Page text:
Here we go

The day has finally arrived and I’m travelling to New York University in Prague to meet Dr Kimball and some of the Texas Tech collegiate recovery students on their study abroad programme. I have never travelled abroad alone before. It feels slightly scary but the fire in my belly is keeping me looking forward. I often wonder how I end up in these situations!

I open an email from Dr Kimball asking me to meet them at 8.30am as we are spending the day at Prague Zoo. I’m relieved as it will be informal and allow me to get to know folk in a relaxed atmosphere. I meet Dr Kimball and his lovely wife Melissa at the tram stop, the students arrive shortly after looking a bit tired, its early!

Prague zoo is stunning and well worth a visit. I am told Dr Kimball will deliver his lectures at various points around the zoo. Today we will look at the six essentials for achieving lasting recovery –

Hope: A reawakening after despair; to live with greater confidence

Healthy Coping Skills: Managing the pain and stress of life

Sense of Achievement and Accomplishment: Moving beyond the limits of addiction toward personal goals

Capacity for Meaningful Relationships: The positive support and connection with family and peers

Unique Identity Development: The emergence of a unique positive identity

Reclamation of Agency: The internal knowledge that you have choices in your behaviour

Essentials to Achieve Lasting Recovery
by Sterling T Shumway, Thomas G. Kimball

I really enjoy chipping in my thoughts with the students in response to Dr Tom’s probing. Its hard to grasp some of the students are only 18/19 with 2 plus years sobriety, the more mature students with longer sobriety are still only in their 20’s. There is a mature student in the group who I can see plays the maternal role. We reach the petting  zoo, no matter how many years they have in recovery, they suddenly seem very young, getting all excited feeding the sheep and goats. It feels alien to me, having had little experience with young people who have sustained recovery. Its proof enough we have an opportunity to do something more.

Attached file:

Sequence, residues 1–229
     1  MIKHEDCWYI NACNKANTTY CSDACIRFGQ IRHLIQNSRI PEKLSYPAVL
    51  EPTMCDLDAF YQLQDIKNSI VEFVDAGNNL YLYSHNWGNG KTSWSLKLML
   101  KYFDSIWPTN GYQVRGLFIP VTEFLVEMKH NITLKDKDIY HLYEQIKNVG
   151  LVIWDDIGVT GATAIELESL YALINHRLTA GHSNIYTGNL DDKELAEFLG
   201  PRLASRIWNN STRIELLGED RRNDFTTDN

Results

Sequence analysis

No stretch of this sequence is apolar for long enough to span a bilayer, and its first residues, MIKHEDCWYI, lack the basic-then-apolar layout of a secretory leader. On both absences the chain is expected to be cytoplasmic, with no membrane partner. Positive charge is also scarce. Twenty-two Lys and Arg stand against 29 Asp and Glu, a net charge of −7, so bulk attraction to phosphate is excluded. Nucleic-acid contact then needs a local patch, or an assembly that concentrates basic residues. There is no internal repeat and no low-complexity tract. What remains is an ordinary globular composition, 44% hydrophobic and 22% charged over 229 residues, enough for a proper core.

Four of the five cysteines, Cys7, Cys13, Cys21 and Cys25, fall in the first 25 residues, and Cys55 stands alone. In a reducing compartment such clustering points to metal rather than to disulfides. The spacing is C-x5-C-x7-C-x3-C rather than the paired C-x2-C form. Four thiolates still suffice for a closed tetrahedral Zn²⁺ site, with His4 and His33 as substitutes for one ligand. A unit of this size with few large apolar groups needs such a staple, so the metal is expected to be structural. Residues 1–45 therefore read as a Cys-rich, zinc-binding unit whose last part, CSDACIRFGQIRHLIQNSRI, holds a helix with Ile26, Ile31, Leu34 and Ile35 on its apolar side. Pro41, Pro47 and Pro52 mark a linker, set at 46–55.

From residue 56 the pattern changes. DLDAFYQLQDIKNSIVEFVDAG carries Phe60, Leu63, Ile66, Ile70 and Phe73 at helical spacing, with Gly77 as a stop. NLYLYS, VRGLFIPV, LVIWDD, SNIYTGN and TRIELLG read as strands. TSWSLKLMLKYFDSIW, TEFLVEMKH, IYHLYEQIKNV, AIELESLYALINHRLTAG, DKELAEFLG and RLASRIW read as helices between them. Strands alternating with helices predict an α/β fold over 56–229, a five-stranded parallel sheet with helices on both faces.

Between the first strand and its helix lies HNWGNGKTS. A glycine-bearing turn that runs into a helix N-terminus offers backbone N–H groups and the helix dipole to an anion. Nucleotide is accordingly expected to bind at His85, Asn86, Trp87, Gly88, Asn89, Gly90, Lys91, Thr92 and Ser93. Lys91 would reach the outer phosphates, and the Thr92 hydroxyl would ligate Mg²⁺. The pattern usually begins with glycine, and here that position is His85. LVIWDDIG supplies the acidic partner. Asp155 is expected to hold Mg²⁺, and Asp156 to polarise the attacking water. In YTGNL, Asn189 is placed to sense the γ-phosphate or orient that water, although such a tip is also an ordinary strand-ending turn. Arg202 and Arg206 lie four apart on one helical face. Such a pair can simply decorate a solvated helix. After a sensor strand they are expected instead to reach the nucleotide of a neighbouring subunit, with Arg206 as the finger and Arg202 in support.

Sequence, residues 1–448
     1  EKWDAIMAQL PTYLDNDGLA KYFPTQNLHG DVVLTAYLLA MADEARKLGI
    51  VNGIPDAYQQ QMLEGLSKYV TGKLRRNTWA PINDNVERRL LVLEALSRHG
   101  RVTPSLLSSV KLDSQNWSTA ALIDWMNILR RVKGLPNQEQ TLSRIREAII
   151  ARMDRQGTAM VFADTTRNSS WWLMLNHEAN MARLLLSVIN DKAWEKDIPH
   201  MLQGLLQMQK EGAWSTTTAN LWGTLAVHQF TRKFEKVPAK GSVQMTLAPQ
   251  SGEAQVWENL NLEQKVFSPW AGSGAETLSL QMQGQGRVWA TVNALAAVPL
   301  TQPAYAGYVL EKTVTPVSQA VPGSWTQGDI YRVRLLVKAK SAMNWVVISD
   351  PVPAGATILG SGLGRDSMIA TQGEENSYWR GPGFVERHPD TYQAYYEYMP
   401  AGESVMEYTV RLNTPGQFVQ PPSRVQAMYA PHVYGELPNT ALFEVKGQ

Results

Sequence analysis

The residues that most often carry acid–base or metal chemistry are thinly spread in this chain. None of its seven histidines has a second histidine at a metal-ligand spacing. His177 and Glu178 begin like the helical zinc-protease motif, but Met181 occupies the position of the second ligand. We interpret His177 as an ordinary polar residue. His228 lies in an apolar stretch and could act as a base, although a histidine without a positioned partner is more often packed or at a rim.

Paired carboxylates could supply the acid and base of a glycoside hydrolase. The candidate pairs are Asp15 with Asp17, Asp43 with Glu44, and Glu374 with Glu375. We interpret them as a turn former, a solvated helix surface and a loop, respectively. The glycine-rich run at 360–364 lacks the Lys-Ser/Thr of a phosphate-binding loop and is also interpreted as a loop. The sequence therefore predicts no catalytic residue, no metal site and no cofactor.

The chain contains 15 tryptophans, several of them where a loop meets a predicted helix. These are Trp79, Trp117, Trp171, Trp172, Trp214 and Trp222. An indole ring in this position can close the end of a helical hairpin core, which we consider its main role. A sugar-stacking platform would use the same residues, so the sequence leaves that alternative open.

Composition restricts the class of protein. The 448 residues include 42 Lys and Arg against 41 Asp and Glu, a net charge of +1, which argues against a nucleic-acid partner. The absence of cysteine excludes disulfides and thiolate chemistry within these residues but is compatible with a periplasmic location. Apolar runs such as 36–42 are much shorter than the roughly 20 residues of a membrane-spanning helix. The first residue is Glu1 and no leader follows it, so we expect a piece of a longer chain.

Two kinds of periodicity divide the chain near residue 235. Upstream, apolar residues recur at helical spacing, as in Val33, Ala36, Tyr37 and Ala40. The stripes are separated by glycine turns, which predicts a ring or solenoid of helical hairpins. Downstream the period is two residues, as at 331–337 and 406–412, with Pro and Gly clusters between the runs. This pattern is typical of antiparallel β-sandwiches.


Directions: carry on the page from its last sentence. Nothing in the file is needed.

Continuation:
Vince arrives on my 3rd day, his role provides recovery support and directly oversees the collegiate recovery programme. The students are really pleased to see him.Over the next 2 days I hear how the Collegiate Recovery programme works at Texas Tech University and what’s important to the students. The space, good coffee and free printing seems to be at the top, somewhere to hang out and feel connected in between class. Feeling connected is vital for anyone in recovery from addiction and I can absolutely see how within an educational setting it offers resilience. Dr Tom and Vince are also crucial. The relationship the students have with them both is just lovely to observe. Laid back, on the level, approachable and caring. The love they both have for their students is evident. Students who during their addiction would have felt unlovable, were very obviously accepted, respected and loved.

Its time to fly home but I’m looking forward to the following week when Dr Tom, Melissa and Vince arrive in Middlesbrough to help me raise awareness of the benefits of Collegiate Recovery. We have a meeting with Teesside University to talk about the concept followed by a seminar and the first UK screening of Generation Found, a film about sober educational settings.

How did that happen?

A hard night with the baby, Prague Zoo

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8 thoughts on “Here we go

  1. Hi Dot, sounds like you had a great and interesting time. Wishing you well with your venture and introducing the concept to Middlesbrough. Mark Gilman was telling me all about it yesterday. Would love to see if there’s any energy for it here in Manchester. Perhaps we can catch up and discuss?
    Hope all’s well with you and yours,
    David

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  2. Well written Dot, I particularly like the words “Its proof enough we have an opportunity to do something more” and we do have that opportunity through you with your scholarship. I know you will bring back knowledge to the UK that can be used to make many peoples lives much better. Let’s hope that it is well received and others have the guts and conviction to implement the strategies you learn and bring back to us.

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  3. So so proud of your commitment Dot, it fills my heart with hope to know you and the lengths you are prepared to go to help the still sufffering, I’ve been working with young mums and their kids for 19 years and now I am starting to see the impact of early recovery intervention can have on these beautiful little lives. Planting the seed of HOPE is essential. Keep shining beautiful lady and if we can help in any way, just shout xxx
    Much love Clare & Kev Kennedy xxx

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  4. Nice one Dot,you should of said you were going I could of carried your bags.I think it’s amazing what your doing for those who still suffer and for those on there way to recovery.

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